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Hey, Mom and Dad Are in the Family Too

After getting burned last year, Hollywood studios are trying to find a broader audience for family films. Think 'Babe.'

May 12, 1996|Judy Brennan | Judy Brennan is a regular contributor to Calendar

If this summer's offerings for the preteen crowd look a little thin, you can start by blaming . . . last summer's offerings. Get past "Pocahontas" and "Babe" and there were disappointments everywhere: from franchises ("Lassie") to book adaptations ("A Little Princess"); from crapshoots ("The Amazing Panda Adventure") to sequels ("Free Willy 2: The Adventure Home"--although Warner Bros. plans a third installment for next summer). And changing demographics have something to do with it, too.

This year, studio executives and exhibitors say, Hollywood wants to target the families of baby boomers. Hence, family fare means movies now targeted for all age groups in a family, and that means movies have to have a much broader appeal than to just the 5- to 12-year-old crowd. (Even at Disney, there will be no chirpy mermaids or cuddly lion cubs this summer; the hero of "The Hunchback of Notre Dame" is the disfigured outcast from the dark Victor Hugo novel.)

"And you can expect it to change again in a few years as well," says Chris Meladandri, head of 20th Century Fox's Family Film division--which, by the way, doesn't have a family film in the pack this summer. "The studies that I've looked at show, in the next four to five years, those kids will become teenagers and they will make up the largest bloc of moviegoers in the history of movies. The challenge will be how to appeal to the kid in all of us."

The challenge, says Howard Lichtman, executive vice president of marketing for the Toronto-based theater chain Cineplex Odeon, will be how to make enough movies like "Clueless" and "Wayne's World" to take advantage of that incredible market.

In the meantime, Hollywood has to live with a few years of feeling its way through what the public wants in family movies. This summer, Lichtman says, "the big summer business for kid fare are basically five movies: 'Flipper,' 'The Hunchback of Notre Dame,' 'Matilda,' '[The Adventures of] Pinocchio' and 'Harriet the Spy.' "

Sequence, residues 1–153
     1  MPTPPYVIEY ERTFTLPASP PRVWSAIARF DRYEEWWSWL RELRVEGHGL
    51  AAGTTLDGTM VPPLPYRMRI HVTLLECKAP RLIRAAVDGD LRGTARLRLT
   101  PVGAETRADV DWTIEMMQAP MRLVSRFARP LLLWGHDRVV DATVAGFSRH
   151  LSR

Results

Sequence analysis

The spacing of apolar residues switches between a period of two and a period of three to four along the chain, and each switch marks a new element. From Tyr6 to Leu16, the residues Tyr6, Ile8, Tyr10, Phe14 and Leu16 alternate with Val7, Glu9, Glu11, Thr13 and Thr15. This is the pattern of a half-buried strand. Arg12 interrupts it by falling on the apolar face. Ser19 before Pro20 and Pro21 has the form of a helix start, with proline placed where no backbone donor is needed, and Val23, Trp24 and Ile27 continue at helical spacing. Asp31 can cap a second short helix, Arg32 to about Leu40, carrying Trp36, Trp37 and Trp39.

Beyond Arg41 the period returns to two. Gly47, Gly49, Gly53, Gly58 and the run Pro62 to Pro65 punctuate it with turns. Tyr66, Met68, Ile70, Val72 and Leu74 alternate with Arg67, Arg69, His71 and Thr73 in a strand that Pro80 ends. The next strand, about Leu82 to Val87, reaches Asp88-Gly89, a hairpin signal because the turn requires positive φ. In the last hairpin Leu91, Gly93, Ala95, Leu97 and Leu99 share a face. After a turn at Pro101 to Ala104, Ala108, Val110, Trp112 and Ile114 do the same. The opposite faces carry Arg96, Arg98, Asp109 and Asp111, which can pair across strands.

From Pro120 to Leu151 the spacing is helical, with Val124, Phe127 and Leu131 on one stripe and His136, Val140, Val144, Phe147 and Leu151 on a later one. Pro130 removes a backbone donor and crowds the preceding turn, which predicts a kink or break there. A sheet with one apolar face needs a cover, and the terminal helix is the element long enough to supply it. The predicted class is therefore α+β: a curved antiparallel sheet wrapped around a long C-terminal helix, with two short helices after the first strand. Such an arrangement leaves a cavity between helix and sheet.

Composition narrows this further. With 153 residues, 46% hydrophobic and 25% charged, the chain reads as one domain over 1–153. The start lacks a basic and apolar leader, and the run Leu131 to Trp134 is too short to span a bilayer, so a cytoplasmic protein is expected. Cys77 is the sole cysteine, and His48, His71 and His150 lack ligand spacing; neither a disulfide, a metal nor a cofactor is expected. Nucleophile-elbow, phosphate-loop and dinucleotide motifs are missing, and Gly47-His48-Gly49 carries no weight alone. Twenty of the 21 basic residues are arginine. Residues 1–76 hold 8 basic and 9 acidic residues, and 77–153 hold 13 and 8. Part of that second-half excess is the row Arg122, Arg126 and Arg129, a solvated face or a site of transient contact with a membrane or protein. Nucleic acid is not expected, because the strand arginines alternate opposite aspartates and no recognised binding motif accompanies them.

Some films that are borderline for the preteen crowd are Eddie Murphy's take on the Jerry Lewis classic "The Nutty Professor;" the sci-fi drama "Independence Day;" "Kazaam," with Shaquille O'Neal as a genie; the special effects-driven fantasy "Dragonheart;" this year's elephant movie, "Larger Than Life," with Bill Murray; "A Very Brady Sequel"; the heist-gone-wrong comedy "Carpool"; the survival drama "Alaska"; and the Tom Arnold comedy "The Stupids." Most of these are geared for those 11 and older, exhibitors say.

"If you look at the pictures, you'll realize that there aren't a lot of pictures out there. It's simply because last summer there was a flood of family films and a number of them just didn't do well despite what anyone will tell you," Lichtman says. 'The message I have been espousing to the studios about family films is that I'm a dad 12 months out of the year, which means I have kids 12 months out of the year who like to see movies. And when it's raining on a weekend in October or snow is falling on my driveway in February, I'm wondering why I can't take them to the theater because all the children's films were released in the summer or at Christmas. And most of them didn't have a chance to stay in theaters, because of the glut of competition.

"Instead of scaling back so much on family films, especially for the preteen crowd, just because last summer didn't work, studios should consider spreading them out over the year," he adds. "Studios wouldn't have to deal with the overcrowding at one particular time and some of their films might not end up as box-office bombs."

The reason studios release so much family fare in the summer is because children are out of school with plenty of free time on their hands.

And that's unlikely to change, says Larry Gleason, head of distribution for MGM/UA, which released last year's flop "Fluke." "But I do think we are now taking a much broader look at the genre. Now the approach is to make movies that appeal to all ages in a family . . . to films that everyone in the family can enjoy together." This year, he hopes that philosophy works with MGM/UA's comedy "Larger Than Life," to be released July 19.

Simply put, Fox's head of distribution Tom Sherak says, "Today's family movies are no longer about kid movies. It's about families. And let's just hope we're right."

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